GOOD WEEK/BAD WEEK…..Silvio Berlusconi is pretty much a no-contest winner for the bad week slot this week, finely topped off by some more lurid accusations on Thursday evening.

Good week though goes to our favourite interviewee of the past year, Noel Gallagher, who gave this gem to Shortlist at the back end of last week. Still got it Noel, still got it.

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FPS’ Friday Fiver http://blogs.hillandknowlton.com/shocksandstares/2011/10/fps-friday-fiver-23/ http://blogs.hillandknowlton.com/shocksandstares/2011/10/fps-friday-fiver-23/#comments Fri, 21 Oct 2011 13:22:39 +0000 David Chambers http://blogs.hillandknowlton.com/shocksandstares/?p=370 Hello All! We seem to say this every week, but yet again it’s been a very busy and news heavy 7 days in the world of professional and financial services. This week’s Friday Fiver has a distinct air of gloom about it I’m afraid, though we do find room for a spot or two of humour as always. Thanks as ever to Ed, and Jonathan for their contributions.

CHART OF THE WEEK – GREECE: IN A NUTSHELL…..Stephen Hawking’s follow-up to his immensely successful 1988 book on the cosmos was labelled ‘The Universe in a Nutshell‘. As anyone with a passing interest in physics knows, it would take a forest of nutshells to even begin explaining the wonders of our universe. At times, the complex, ever-changing state of the Greek and wider eurozone crisis can feel pretty similar.

Help is at hand though, thanks to a handy chart unveiled by The Spectator this week. Sadly, upon reviewing it, only the most optimistic person would conclude that the eurozone is heading for anything other than very troubled waters.

The options (or not) for Greece (Chart: The Spectator)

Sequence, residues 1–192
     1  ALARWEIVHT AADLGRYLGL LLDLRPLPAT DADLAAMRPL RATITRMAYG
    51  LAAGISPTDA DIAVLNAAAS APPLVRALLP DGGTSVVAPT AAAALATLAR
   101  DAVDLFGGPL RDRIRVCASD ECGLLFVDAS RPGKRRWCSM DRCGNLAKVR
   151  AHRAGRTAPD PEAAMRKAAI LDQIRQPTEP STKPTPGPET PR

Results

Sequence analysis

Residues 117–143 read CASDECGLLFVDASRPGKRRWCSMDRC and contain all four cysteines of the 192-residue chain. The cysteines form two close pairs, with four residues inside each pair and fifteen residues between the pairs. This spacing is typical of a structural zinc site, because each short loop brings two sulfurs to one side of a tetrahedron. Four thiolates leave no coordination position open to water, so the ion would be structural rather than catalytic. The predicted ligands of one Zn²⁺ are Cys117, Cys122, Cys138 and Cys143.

THE DEVIL OF THE DETAIL – BANKING RESULTS…..Hot on the heels of Goldman Sach’s results this week came Morgan Stanley’s trading update. Unlike their rivals, MS were able to report a large profit for the quarter of $2.2bn.

Or were they? As some media outlets quickly noted, the majority of MS’ profits for the quarter were a result of the company reducing the value of the debt it holds. Once the benefits of this accounting manoeuvre were removed, the results looked far less impressive - Iain Dey at the Sunday Times provided one of the best summaries of the ‘revised’ picture.

He wasn’t the only journalist somewhat peeved at the sleight of hand either:

BEHIND CLOSED DOORS…..A “dark pool” may sound like a feature of an exotic health spa and for all we know, it could well be. The increasing importance of dark pools in financial markets however was apparent this week.

In simple terms these are markets behind closed doors that allow institutional investors to trade with one another outside public exchanges like the London Stock Exchange. This week we heard that investors are increasingly using dark pools to access and trade privately owned stock in companies like Facebook before they float.

The emergence of dark pools was one consequence of the European Commission’s MiFID regulation which was in part designed to break up the monopoly of public exchanges. Now however the Commission is looking to take back control of its creation amid concerns about their lack of transparency. Complicated stuff, but as always, the FT [article here] explains developments in simple terms and their graphic below illustrates the overarching trend.

PROOF THAT PLAN A COULD BE OK?…..In amongst the growing concern about the eurozone, and increasing focus on the OccupyLondon movement, the ONS announced on Friday that public borrowing for September was below expectations. In addition, borrowing in August was actually lower than first thought.

Does this mean that the Chancellor’s refusal to adopt anything less his Plan A might be starting to bear fruit? Quite possibly, though as the BBC’s Hugh Pym pointed out, much depends on UK growth in the next few months. The Chancellor hasn’t been proved right yet by any means, but at least he now has a proof point to attack his critics with.

GOOD WEEK/BAD WEEK…..Leaving aside the obvious winners and losers over the last 7 days, it was a good week for the economist and Sunday Times columnist, Irwin Stelzer, who picked up the ‘economics commentator of the year’ award at the media industry’s Editorial Intelligence awards on Thursday.